The debate about whether prisoners should be given a free college education remains strong. In 1994, President Bill Clinton cut the college prison program, saying that it was more important that we give grants to law abiding citizens than criminals, but some officials are working to restore access to higher education.
Proponents of educating educate prisoners say that it is more costly in the long run for taxpayers to pay for an inmate’s reincarceration than pay for classes. Studies have shown that prisoners that are educated in prison have a lower reincarceration rate than those that are not. Matthew Mangino of Len Connection writes:
In a press release the governor’s office revealed that New York currently spends $60,000 per year to incarcerate each inmate, and approximately $3.6 billion each year in total prison costs. New York’s current recidivism rate is about 40%. With a paltry investment of $5,000 per inmate to provide one year of college education, New York could cut into the recidivism rate and reduce costs.
Other proponents, like New Jersey governor Chris Christie, believe that all prisoners should be given a fresh chance at life, according to Sherrina Navani for The Trentonian. He says that we all have made mistakes and just need to get back up again. He believes that the life of a 16-year-old heroin addict in jail is no less precious or full of potential than a high school student with honors.
Opponents of the free college for prisoners state that government should not be giving inmates free money for college when plenty of low income, law-abiding students cannot get grants. Johnson reported:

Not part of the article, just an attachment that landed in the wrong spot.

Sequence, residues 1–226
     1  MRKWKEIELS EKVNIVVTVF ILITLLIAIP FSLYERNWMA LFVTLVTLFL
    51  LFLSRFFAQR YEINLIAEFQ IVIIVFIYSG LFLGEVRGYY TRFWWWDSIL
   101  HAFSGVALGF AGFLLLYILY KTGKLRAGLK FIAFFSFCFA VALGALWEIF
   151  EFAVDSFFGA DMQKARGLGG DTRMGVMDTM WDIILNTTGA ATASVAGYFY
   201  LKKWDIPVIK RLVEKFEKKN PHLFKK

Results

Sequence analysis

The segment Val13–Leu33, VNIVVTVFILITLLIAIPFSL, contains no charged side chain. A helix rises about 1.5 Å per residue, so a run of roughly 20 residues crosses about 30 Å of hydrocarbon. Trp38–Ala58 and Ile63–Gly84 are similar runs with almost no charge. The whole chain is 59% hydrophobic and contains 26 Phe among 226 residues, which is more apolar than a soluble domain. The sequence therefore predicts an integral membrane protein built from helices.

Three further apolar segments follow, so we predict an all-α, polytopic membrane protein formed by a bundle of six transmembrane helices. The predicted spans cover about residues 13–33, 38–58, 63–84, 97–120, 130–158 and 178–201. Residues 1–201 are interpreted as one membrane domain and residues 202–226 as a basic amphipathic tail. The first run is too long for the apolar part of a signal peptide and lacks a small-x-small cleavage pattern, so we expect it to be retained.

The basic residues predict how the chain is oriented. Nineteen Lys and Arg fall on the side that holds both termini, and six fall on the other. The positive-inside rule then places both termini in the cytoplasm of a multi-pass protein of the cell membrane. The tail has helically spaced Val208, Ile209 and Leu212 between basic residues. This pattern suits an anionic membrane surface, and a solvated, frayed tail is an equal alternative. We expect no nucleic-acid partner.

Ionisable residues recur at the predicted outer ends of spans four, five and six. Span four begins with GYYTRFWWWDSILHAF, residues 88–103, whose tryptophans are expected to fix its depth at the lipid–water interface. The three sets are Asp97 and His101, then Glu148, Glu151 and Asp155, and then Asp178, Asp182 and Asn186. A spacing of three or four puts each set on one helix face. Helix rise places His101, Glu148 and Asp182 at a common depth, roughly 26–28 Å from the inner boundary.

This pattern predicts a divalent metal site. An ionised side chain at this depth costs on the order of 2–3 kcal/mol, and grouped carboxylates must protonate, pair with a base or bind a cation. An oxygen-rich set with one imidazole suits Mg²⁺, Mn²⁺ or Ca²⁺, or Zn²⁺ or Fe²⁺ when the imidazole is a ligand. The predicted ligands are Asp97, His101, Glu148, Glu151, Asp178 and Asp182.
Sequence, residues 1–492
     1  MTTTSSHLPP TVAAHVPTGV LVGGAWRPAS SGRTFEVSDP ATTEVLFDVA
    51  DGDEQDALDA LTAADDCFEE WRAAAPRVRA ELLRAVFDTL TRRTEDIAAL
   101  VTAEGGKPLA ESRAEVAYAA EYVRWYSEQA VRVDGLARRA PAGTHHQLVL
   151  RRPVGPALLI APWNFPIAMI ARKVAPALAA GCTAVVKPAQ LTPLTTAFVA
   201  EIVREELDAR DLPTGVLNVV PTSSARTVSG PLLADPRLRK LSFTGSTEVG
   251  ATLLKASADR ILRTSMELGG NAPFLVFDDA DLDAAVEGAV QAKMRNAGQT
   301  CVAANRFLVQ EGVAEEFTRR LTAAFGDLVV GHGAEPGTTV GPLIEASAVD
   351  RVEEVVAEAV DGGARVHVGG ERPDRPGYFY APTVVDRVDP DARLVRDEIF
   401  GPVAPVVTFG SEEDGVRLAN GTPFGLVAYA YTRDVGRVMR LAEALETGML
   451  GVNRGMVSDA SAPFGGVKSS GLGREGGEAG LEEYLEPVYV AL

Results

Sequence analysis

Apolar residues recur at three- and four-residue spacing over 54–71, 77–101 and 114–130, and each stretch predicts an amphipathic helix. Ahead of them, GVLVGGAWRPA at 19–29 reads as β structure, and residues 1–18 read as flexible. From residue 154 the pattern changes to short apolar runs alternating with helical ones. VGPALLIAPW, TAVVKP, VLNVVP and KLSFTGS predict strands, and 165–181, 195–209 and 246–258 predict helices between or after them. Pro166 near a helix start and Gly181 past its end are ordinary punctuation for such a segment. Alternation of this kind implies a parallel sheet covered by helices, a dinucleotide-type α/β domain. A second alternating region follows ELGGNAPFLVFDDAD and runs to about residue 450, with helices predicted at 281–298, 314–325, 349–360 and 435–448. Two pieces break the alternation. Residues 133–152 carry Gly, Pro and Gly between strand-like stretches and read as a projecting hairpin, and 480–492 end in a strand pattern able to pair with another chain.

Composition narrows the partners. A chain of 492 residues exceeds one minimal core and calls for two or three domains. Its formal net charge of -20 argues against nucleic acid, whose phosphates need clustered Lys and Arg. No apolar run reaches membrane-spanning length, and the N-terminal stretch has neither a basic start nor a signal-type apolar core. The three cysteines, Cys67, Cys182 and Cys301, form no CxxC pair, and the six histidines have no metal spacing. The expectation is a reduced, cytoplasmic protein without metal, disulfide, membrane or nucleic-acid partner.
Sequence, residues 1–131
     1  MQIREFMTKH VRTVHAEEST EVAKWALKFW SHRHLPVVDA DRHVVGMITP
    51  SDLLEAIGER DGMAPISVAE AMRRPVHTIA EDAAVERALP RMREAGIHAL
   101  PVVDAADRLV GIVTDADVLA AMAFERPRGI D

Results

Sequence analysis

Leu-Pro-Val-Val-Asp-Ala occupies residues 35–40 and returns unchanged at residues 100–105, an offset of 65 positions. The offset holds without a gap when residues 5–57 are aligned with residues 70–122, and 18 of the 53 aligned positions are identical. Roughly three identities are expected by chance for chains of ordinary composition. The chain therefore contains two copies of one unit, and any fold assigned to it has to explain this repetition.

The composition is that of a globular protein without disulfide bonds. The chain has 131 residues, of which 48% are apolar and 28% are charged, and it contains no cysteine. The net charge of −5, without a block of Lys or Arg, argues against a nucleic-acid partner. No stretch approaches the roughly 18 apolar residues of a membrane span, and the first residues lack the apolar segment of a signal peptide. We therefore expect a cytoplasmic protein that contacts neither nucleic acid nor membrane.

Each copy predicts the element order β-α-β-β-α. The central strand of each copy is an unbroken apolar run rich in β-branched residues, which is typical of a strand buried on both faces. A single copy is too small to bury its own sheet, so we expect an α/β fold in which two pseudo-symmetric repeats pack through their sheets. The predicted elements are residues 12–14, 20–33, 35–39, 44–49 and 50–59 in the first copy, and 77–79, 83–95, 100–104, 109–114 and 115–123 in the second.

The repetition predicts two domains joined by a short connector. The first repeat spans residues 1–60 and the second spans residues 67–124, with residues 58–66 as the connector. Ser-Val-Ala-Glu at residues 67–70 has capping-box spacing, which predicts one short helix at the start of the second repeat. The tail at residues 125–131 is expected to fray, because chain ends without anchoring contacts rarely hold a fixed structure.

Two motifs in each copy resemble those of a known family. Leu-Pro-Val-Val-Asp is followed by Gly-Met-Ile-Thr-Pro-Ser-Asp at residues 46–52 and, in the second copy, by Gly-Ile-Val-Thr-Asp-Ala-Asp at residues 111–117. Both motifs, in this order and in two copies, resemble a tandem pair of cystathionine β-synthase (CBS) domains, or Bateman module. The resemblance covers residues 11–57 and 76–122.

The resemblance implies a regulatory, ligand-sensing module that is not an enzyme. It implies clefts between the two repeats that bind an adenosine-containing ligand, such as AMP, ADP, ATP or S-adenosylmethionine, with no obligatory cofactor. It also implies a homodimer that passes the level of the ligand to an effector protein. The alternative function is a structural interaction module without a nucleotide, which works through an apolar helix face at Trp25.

New York Times Magazine reported that Sen. Kay Bailey Hutchison, a Texas Republican, argued it was unfair for felons to benefit from Pell Grants when as many as 100,000 low-income students were denied them each year. She asked, “Why should prisoners be educated for nothing when so many honest folks failed to get a break?
Gov. Andrew Cuomo of New York disagreed with Hutchinson and tried to push a state bill to use federal money to fund inmate education programs. He dropped the measure after coming under heavy opposition though, writes Mangino.
However, NJ-STEP is different from the original federal money plan because taxpayers do not foot the bill, reports Brent Johnson of the Star Ledger. The program, which is based at Rutgers University-Newark, is kept alive with donated money from private businesses, institutions, and organizations. The Ford Foundation and The Sunshine Lady Foundation have dedicated themselves to donating $4 million to Rutgers over the course of next four years to assist in funding the growth of the program.
The colleges that are running the program also work with the state Department of Corrections and State Parole Board to teach the classes, writes Johnson. Educators from the college teach at the jail to instruct a plethora of 178 classes. Counselors assist the prisoners to transition into colleges and universities to finish their college degrees after they are released from jail.